Here is a link to all the storm shelters in the Tennessee Valley.
Melvin Allen, the director of the Harvest Youth Club, says on April 27th, 2011 the community was caught off guard when a tornado outbreak happened.
It was then Allen said the Harvest community came together to build a storm shelter at the club.
Now in 2018- he says the community is prepared with this storm shelter.
"It's a wonderful thing to have."
The shelter can hold up to 150 people and is equipped with water, first aid, blankets and even cable television.
Allen told me on a typical storm day anywhere from 15 to 50 people show up.
Especially those that have experienced dangerous tennessee valley storms in the past
"It doesnt take a whole lot of dark clouds and thunder to get them out of their homes and into the shelters," Allen said.
Not all community shelters are open 24/7 like the one at Harvest Youth Club. WAAY31 spoke to the EMA director for Madison County over the phone and he told us your best bet is to call ahead to your local community shelter to find out their procedures when dangerous weather happens.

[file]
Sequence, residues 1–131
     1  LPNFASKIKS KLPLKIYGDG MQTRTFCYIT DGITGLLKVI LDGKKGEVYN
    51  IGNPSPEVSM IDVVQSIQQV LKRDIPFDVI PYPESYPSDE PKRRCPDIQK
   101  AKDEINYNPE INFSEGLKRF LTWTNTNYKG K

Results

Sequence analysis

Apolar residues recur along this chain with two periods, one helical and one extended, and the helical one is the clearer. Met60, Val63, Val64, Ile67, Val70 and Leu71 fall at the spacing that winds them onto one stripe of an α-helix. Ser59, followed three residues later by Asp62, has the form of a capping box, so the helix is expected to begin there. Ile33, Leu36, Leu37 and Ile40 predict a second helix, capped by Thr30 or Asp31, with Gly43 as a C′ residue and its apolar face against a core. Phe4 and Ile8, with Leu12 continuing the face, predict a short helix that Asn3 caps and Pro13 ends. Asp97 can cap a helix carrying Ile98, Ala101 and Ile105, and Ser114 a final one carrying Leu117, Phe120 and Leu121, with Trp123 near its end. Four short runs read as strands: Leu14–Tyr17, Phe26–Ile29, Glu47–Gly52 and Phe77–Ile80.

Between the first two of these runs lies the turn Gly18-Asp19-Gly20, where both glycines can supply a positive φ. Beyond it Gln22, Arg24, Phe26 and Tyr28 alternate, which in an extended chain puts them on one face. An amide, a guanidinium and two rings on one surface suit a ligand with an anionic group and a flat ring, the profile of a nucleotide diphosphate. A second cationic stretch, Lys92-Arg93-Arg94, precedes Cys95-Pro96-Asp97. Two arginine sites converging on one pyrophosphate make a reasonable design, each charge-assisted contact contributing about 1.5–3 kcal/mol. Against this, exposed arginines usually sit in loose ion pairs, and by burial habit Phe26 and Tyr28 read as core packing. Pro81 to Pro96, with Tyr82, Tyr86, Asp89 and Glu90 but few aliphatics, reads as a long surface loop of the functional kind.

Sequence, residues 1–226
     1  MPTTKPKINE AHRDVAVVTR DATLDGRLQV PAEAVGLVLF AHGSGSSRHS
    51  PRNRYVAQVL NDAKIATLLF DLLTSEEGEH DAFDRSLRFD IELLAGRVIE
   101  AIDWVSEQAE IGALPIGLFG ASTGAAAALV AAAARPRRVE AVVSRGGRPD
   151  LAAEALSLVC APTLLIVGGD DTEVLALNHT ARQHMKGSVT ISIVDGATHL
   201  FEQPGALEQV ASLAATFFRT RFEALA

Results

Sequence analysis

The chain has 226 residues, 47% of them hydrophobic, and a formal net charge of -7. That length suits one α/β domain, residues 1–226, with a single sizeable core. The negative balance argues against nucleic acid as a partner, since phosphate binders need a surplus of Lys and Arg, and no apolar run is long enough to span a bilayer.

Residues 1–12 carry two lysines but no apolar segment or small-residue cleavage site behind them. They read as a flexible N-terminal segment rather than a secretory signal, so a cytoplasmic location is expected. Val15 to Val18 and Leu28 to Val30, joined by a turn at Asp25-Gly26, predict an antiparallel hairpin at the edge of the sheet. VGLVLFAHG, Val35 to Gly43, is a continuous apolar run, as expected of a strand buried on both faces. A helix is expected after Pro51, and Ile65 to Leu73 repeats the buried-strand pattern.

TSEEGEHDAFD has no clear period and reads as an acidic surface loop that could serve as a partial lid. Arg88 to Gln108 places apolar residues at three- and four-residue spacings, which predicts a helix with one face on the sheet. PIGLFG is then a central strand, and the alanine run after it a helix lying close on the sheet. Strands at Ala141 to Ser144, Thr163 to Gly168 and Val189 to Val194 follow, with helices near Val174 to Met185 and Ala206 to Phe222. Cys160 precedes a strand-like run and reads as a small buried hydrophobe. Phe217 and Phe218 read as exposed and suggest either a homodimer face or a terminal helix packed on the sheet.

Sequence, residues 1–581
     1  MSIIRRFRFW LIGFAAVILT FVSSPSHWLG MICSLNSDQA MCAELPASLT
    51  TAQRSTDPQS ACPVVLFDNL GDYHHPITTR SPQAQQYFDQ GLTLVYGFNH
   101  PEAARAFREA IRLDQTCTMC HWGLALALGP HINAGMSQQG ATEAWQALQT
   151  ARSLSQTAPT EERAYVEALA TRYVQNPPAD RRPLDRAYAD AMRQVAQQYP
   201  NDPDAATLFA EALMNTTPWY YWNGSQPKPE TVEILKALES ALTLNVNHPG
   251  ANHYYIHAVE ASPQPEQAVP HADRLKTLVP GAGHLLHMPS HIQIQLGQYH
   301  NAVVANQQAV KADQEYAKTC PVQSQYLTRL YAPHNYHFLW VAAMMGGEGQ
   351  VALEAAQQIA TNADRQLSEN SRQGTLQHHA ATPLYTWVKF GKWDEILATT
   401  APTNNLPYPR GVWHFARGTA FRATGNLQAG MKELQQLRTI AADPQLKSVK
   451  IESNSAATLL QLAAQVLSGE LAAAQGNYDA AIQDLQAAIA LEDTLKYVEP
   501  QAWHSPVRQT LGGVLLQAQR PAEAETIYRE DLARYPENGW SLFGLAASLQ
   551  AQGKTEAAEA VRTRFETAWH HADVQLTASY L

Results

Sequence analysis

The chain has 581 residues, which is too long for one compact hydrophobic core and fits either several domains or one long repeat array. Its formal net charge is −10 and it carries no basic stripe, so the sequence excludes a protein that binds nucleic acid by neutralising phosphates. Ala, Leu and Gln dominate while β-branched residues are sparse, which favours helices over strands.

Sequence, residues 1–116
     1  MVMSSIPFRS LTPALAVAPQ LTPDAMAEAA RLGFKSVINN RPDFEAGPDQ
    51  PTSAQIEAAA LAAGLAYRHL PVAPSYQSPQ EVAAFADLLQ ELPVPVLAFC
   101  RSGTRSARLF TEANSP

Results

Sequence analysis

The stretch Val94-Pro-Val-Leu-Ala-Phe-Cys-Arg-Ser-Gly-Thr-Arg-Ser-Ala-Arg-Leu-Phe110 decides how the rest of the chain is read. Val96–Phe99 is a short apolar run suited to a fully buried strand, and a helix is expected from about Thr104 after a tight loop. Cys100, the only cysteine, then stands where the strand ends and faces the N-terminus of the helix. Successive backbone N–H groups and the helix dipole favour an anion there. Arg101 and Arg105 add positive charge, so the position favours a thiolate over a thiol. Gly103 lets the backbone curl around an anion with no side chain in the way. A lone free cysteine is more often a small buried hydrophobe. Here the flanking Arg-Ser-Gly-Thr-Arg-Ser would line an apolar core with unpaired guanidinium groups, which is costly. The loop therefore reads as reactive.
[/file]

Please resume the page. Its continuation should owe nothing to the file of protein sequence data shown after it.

- Community storm shelters aim to keep people safe
- Lawrence County prepares for storms with shelters
- New storm shelters coming to Madison County
- What to bring into a storm shelter
- Hartselle High School opens as storm shelter
- Storm shelter policy won't change following damaging thunderstorm
- Local man hopes to increase storm shelters in Madison
- Huntsville Church opens storm shelter for severe weather
- Madison County storm shelter takes years to fund
- Marshall County tornado shelters